Sure, he caught only two passes for a measly 14 yards in the 42-32 loss to the Buffalo Bills, but A.J. Feeley threw for over 300 yards and the offense compiled 403 total yards, which tied for the team's season high.
So it's not as though the offense couldn't move the ball because McMichael wasn't involved.
But in the bigger picture McMichael has a legitimate gripe, especially when he mentions that this year is following the same pattern as his first two seasons in the NFL.
Just look at the numbers, and you'll see McMichael is right.
His receptions fell from 26 to 13 from the first half of his rookie season to the second, and the drop-off was from 29 to 20 last year.
This year, McMichael caught 42 passes in the first eight games. In the last four, he has 11 receptions, which projects to 22 for the second half of the season.
In three of the last four games, McMichael has failed to catch at least three passes. So it's clear he's becoming less and less of a factor for an offense that needs to make use of its best weapons.
So, why is this happening? Again.
Part of the problem is that McMichael sometimes is being kept in the backfield to provide extra protection. To that, we say keep someone else in.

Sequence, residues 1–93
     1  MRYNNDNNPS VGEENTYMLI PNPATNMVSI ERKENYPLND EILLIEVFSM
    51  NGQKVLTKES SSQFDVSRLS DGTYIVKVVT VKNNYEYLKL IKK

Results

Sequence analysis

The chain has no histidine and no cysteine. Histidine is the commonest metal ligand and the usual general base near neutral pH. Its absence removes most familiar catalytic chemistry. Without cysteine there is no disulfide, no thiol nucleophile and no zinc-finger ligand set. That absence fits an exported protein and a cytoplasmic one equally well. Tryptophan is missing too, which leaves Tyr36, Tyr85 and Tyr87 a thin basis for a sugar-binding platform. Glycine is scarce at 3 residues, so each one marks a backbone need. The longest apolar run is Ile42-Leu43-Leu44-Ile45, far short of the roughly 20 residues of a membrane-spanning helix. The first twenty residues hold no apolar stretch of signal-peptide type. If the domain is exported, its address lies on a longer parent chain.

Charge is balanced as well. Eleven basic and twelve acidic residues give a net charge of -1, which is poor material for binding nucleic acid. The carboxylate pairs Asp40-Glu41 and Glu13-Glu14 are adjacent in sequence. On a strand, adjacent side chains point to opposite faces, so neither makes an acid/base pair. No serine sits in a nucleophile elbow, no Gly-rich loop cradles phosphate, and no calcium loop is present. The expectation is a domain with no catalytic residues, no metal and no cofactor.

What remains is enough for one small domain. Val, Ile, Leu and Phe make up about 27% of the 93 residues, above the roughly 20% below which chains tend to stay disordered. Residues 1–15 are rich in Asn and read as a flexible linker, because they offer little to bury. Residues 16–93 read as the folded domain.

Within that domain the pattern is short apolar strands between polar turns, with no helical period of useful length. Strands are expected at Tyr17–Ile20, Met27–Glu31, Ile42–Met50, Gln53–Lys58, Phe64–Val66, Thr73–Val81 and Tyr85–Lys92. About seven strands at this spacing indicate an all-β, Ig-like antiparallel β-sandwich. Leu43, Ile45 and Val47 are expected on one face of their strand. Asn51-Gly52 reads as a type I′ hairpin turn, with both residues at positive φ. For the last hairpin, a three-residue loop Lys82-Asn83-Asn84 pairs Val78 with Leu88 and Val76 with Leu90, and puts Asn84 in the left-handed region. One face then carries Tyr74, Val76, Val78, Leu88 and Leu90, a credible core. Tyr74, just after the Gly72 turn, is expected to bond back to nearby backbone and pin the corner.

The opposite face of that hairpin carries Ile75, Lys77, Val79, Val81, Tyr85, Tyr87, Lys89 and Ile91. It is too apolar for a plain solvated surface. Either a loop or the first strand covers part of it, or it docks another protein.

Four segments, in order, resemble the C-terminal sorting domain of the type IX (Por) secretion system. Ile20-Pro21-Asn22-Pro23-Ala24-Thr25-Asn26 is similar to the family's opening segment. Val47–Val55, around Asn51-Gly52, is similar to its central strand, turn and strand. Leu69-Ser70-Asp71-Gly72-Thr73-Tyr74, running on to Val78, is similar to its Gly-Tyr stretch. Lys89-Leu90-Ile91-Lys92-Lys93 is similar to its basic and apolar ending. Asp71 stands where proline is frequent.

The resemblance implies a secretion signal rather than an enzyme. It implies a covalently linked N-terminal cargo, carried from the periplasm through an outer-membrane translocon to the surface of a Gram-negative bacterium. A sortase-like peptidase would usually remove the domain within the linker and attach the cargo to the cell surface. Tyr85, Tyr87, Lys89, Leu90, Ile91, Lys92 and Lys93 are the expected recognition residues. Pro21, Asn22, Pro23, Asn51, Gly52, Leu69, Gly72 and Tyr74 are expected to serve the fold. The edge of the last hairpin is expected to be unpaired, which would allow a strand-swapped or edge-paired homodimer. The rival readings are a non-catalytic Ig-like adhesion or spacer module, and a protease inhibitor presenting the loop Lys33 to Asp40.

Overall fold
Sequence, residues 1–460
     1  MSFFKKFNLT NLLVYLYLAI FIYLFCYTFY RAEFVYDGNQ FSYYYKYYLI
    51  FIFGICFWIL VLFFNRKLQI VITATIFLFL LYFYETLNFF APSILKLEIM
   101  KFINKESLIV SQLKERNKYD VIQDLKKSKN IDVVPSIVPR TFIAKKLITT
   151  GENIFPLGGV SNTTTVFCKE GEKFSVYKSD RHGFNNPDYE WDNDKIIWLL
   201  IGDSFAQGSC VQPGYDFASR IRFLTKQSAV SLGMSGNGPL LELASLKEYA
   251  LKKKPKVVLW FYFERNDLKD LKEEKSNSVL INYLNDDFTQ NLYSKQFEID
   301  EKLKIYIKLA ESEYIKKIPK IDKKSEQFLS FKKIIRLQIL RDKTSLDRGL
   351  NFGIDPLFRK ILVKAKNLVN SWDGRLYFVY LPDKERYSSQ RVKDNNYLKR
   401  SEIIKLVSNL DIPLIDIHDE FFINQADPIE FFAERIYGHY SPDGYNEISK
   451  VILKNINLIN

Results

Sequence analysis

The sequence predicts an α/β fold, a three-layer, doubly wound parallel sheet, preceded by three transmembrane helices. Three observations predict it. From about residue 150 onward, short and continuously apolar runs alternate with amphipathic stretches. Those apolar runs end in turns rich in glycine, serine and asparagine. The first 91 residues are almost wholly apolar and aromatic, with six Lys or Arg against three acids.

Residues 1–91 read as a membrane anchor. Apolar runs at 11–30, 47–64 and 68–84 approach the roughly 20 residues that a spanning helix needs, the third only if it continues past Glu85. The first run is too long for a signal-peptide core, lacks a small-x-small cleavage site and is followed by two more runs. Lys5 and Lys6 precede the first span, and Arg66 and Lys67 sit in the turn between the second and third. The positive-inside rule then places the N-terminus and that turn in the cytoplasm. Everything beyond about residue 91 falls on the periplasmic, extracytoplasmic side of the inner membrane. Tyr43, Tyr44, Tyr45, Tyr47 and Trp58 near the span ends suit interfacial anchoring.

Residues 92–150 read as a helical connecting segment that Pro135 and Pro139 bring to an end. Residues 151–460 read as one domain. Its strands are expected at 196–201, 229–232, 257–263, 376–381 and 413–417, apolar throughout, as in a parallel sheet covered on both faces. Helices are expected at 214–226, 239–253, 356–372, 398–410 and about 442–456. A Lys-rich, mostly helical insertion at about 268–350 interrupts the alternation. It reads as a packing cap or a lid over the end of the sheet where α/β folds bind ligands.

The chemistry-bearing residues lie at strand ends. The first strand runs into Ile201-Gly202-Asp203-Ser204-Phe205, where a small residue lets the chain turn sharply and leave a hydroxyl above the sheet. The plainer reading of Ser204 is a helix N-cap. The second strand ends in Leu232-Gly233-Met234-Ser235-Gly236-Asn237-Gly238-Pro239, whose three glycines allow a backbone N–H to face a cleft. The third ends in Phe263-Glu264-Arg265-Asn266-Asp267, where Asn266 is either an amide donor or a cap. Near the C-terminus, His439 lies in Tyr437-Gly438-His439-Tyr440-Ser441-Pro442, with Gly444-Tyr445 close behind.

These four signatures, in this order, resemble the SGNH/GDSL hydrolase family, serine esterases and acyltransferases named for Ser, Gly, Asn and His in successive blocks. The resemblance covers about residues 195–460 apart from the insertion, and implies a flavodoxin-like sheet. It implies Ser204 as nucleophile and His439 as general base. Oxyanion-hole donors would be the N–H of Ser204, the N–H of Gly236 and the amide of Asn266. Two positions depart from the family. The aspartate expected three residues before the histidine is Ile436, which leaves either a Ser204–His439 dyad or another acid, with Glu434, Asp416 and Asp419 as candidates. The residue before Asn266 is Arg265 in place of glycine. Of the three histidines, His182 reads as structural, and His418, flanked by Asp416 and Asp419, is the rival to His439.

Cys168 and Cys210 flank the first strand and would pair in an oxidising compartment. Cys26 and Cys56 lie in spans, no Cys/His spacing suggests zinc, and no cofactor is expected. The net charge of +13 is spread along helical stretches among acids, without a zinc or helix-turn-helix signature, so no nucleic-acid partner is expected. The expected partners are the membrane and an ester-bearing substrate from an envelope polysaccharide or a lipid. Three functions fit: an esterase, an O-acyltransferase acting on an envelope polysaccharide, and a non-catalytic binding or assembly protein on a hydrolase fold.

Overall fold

Also, it's obvious that opposing defenses are going to pay extra attention to McMichael for a couple of reasons. The first is McMichael's obvious ability. The second is the fact that the wide receivers usually will run longer patterns, patterns that don't always have time to develop with the Dolphins' problems picking up the blitz.
Whatever the reason, McMichael has gone from a strong candidate to make the Pro Bowl to a long shot because of Tony Gonzalez's surge in recent weeks.
But the Pro Bowl isn't the big factor here; it's trying to make the offense work. And it's clear McMichael needs to be more involved for the offense to really work.
About that, there's no question McMichael was right. As for the way he went about it and the timing, well, he might have dropped the ball on that one.